The normally cold nights of January are flooded with traditional songs to welcome the New Year. Singing the Janeiras, is a recurring event in Portugal that starts at dawn on the Day of Kings (Dia de Reis), and is surrounded by a popular spirit of friends who come together to sing door-to-door, in exchange for cakes and drinks.

This ancient practice associated with Christian tradition goes back to the pagan customs of Roman times, more specifically Janus, God of the past and the future, who closed the door of the year that was ending and opened the door for the new beginning. In the most difficult times it also ended up being a pretext of the people in need to gain some food in the most difficult months, as Zeca Afonso sang in 1968 – “French toast, bread and new wine feeds the poor.”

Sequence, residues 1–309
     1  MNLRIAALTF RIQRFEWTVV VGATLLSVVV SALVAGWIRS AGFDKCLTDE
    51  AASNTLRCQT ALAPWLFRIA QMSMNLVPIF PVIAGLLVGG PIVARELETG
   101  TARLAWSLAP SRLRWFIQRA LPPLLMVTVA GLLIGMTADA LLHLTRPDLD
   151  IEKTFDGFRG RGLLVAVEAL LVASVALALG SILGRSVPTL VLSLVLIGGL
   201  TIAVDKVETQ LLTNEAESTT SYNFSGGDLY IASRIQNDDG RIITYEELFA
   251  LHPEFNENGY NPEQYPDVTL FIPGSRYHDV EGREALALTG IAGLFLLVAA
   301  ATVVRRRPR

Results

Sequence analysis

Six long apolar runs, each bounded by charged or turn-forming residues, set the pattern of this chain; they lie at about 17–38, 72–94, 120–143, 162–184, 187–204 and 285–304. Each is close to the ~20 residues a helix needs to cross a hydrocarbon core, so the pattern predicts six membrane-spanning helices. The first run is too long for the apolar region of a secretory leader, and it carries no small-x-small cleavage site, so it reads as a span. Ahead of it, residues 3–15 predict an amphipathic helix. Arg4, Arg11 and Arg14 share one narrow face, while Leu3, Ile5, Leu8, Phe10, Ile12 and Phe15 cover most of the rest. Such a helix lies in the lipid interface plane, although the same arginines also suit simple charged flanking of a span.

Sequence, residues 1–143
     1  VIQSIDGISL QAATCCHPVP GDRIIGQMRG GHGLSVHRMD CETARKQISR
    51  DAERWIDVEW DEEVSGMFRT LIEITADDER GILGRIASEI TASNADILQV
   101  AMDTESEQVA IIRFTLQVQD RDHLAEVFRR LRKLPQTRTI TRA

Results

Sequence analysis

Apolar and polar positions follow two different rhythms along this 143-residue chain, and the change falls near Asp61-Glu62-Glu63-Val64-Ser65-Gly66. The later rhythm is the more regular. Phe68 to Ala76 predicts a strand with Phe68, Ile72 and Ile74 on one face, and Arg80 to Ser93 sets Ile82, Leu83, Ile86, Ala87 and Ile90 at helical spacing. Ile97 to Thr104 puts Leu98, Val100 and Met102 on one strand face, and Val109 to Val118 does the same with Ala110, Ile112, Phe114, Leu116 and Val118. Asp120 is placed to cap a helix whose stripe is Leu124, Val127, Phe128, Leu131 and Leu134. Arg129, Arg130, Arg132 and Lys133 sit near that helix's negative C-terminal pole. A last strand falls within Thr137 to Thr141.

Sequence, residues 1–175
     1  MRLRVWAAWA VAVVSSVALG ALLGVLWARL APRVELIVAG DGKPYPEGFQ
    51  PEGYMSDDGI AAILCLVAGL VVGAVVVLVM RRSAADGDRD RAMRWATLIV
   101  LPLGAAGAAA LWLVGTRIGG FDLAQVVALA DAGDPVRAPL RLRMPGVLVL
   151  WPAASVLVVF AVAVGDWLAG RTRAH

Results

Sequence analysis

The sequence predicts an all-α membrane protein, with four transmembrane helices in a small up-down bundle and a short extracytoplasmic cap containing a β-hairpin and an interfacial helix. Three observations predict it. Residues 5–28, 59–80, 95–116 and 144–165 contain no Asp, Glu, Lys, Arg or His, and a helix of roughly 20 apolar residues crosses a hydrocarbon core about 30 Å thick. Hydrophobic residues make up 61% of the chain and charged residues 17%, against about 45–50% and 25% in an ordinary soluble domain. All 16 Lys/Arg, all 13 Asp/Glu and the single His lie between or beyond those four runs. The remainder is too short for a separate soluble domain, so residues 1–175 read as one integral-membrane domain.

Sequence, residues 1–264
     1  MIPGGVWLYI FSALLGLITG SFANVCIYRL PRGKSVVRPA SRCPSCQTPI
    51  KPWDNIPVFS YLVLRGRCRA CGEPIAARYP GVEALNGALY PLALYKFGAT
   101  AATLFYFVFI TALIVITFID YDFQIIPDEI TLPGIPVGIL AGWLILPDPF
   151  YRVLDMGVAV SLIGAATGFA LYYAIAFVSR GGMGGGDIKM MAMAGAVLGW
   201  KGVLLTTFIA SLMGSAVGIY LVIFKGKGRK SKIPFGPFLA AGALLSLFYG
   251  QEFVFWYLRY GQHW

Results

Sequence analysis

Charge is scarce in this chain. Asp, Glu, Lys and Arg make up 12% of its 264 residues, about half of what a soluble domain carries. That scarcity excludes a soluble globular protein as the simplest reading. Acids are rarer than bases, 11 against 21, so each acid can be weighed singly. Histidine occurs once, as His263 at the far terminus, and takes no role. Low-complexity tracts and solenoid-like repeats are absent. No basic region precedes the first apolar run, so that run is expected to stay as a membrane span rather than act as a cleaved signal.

In the south of Portugal, in the Algarve, the traditional groups of people (Charolas), predominantly in the eastern Algarve, still remain strong during the first days of the year: Tavira and Faro (1st Sunday of January); Vila Nova de Cacela, Estoi, Sta. Barbara de Nexe, Machados and S. Brás Alportel. The charolas are organized groups of people who, on New Year and Day of Kings, go out singing verses to the Baby Jesus and to greet those who receive them.

Singing the Janeiras by these groups is much more than a simple musical repertoire; it’s an ancestral cultural manifest that still persists in Portugal.